By Lynn Thorp, National Campaigns Director
As experts on the Safe Drinking Water Act, we weren’t at all thrilled when Congress exempted hydraulic fracturing from the law back in 2005. EPA’s draft policy around fracking operations that use diesel addresses the only “exemption in that exemption” and because of that is very important. We’ve seen since then that drinking water impacts are one of the biggest areas of concern with this type of oil and gas drilling and the exemption needs to be reversed.
The Energy Policy Act of 2005 (EPAct) exempts hydraulic fracturing from the Safe Drinking Water Act (SDWA) “… except when diesel fuel is used”. So there’s only one way in which the SDWA can come into play in “fracking” operations and that’s where diesel is used. The U.S. Environmental Protection Agency (EPA) deserves support for its draft guidance for how to protect underground sources of drinking water when diesel is injected during fracturing.
Even though the industry told Congress that it barely used diesel anymore, a 2011 Congressional investigation found that drilling service companies injected over 30 million gallons of diesel underground during hydraulic fracturing between 2005 and 2009.
I really like one of the findings of the Secretary of Energy Advisory Board’s Shale Gas Production Subcommittee. This panel had a pretty diverse membership, including some with an interest in the growth and success of the natural gas industry. Their 90 Day Report said:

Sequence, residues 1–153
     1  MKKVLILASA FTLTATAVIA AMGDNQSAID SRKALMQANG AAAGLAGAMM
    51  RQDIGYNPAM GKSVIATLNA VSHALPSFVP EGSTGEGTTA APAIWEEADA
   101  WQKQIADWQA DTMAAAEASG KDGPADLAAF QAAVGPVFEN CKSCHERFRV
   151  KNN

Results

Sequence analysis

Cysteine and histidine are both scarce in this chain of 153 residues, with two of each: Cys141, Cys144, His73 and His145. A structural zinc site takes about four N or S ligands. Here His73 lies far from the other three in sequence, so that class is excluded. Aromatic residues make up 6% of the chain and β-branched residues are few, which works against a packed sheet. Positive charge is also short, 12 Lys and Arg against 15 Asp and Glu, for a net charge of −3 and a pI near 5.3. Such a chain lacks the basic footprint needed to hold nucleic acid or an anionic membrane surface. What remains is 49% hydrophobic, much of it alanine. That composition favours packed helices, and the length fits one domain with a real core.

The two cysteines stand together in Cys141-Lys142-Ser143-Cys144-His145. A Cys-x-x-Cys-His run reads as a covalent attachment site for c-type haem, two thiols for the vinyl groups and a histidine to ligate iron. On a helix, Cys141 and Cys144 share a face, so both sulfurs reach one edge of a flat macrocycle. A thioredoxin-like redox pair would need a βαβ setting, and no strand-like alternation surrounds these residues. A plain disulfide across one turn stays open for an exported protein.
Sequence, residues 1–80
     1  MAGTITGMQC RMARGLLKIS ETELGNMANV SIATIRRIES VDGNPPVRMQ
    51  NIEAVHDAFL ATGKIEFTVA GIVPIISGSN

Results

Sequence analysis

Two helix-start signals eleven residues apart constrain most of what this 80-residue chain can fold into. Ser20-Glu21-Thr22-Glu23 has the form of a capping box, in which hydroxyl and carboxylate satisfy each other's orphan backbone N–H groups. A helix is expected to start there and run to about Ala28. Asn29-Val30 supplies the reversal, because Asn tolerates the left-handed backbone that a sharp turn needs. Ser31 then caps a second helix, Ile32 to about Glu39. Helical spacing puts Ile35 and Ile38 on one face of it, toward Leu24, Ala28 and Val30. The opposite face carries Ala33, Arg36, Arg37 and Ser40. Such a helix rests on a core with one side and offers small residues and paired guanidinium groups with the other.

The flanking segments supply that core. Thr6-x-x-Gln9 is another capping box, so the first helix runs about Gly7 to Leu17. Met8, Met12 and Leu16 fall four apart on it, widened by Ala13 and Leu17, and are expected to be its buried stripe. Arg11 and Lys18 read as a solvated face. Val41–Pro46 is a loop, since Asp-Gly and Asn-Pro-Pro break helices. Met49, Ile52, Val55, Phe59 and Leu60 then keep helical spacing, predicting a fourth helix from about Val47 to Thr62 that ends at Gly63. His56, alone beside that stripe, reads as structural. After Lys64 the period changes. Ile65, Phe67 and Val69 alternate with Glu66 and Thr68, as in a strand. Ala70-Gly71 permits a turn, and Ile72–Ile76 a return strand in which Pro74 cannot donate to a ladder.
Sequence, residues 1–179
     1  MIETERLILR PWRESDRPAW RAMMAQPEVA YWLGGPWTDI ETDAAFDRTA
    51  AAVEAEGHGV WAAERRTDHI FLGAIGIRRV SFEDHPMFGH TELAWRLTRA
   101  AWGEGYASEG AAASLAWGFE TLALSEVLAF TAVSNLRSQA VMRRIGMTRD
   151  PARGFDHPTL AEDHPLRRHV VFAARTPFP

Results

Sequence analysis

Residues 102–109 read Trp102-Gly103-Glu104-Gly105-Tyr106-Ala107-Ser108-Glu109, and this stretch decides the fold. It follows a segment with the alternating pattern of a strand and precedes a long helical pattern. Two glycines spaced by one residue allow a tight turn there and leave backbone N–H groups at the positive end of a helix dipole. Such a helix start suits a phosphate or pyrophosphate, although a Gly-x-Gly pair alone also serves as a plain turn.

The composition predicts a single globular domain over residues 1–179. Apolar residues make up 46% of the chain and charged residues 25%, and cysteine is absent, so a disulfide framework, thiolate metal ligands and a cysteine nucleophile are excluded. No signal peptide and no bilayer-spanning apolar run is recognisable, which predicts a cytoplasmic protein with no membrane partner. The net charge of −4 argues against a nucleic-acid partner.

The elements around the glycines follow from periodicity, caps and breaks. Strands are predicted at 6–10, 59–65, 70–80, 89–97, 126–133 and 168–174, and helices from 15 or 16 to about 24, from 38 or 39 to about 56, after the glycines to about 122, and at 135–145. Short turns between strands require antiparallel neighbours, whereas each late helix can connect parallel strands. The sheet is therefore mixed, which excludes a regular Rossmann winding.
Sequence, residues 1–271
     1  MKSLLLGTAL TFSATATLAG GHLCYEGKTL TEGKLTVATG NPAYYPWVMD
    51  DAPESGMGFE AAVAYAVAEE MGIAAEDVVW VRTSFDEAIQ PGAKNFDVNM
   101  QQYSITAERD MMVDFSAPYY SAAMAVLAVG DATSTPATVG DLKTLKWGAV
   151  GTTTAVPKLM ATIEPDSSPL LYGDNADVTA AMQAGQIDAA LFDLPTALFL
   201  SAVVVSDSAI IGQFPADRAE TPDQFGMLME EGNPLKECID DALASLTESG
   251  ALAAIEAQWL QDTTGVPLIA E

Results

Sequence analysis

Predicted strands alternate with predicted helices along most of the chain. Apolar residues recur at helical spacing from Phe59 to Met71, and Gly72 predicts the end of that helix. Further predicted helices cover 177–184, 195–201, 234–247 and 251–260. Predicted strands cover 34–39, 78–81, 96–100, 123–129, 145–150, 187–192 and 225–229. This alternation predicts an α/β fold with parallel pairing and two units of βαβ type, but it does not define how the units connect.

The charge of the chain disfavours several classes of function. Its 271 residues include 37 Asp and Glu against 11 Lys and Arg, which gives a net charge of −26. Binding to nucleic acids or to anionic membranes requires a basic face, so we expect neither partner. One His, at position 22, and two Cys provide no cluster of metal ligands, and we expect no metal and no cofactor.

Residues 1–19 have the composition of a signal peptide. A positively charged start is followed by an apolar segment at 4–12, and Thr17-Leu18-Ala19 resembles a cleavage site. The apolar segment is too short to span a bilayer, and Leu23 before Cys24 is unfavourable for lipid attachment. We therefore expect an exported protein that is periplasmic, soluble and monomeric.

Reduction in the use of diesel fuel: The Subcommittee believes there is no technical or economic reason to use diesel in shale gas production and recommends reducing the use of diesel engines for surface power in favor of natural gas engines or electricity where available.
EPA’s draft guidance instructs permitters in the states on how to handle permits for fracking wells where diesel is used. EPA needs to hear from the public on this proposal during the 60 day comment period. Tell the EPA we want the strongest protections possible to keep benzene and other toxic chemicals in diesel out of drinking water.